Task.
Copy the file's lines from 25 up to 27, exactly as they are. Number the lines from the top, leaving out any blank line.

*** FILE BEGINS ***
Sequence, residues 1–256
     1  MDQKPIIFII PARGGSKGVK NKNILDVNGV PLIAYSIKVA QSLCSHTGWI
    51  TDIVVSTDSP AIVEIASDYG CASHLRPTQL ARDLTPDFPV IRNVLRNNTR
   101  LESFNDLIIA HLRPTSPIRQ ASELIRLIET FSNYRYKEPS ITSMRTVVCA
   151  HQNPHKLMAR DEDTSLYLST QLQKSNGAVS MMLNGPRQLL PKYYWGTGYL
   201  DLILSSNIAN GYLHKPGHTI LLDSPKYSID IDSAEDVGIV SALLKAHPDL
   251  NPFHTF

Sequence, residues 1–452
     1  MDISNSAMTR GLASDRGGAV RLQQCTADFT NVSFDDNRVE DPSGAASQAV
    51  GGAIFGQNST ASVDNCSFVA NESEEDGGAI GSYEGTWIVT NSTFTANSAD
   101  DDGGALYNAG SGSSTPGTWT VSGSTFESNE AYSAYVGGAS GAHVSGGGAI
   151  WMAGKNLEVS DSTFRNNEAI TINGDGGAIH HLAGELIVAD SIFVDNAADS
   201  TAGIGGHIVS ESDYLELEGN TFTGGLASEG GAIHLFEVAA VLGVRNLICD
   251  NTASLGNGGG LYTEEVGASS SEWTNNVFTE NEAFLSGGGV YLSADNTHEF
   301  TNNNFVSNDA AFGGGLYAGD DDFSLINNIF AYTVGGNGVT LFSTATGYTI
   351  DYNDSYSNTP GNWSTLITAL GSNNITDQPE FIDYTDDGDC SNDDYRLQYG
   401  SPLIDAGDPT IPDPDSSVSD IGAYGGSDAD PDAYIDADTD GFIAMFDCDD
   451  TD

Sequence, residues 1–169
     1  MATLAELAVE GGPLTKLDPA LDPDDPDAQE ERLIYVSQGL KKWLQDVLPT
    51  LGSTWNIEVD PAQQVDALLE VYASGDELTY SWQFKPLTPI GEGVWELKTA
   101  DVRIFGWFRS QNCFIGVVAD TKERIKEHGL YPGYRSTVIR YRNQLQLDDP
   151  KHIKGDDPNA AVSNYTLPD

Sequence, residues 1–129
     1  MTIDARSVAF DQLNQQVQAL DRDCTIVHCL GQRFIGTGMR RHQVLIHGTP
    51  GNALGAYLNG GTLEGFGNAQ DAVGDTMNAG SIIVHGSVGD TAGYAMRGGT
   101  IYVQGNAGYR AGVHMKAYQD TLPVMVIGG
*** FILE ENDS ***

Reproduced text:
     1  MTIDARSVAF DQLNQQVQAL DRDCTIVHCL GQRFIGTGMR RHQVLIHGTP
    51  GNALGAYLNG GTLEGFGNAQ DAVGDTMNAG SIIVHGSVGD TAGYAMRGGT
   101  IYVQGNAGYR AGVHMKAYQD TLPVMVIGG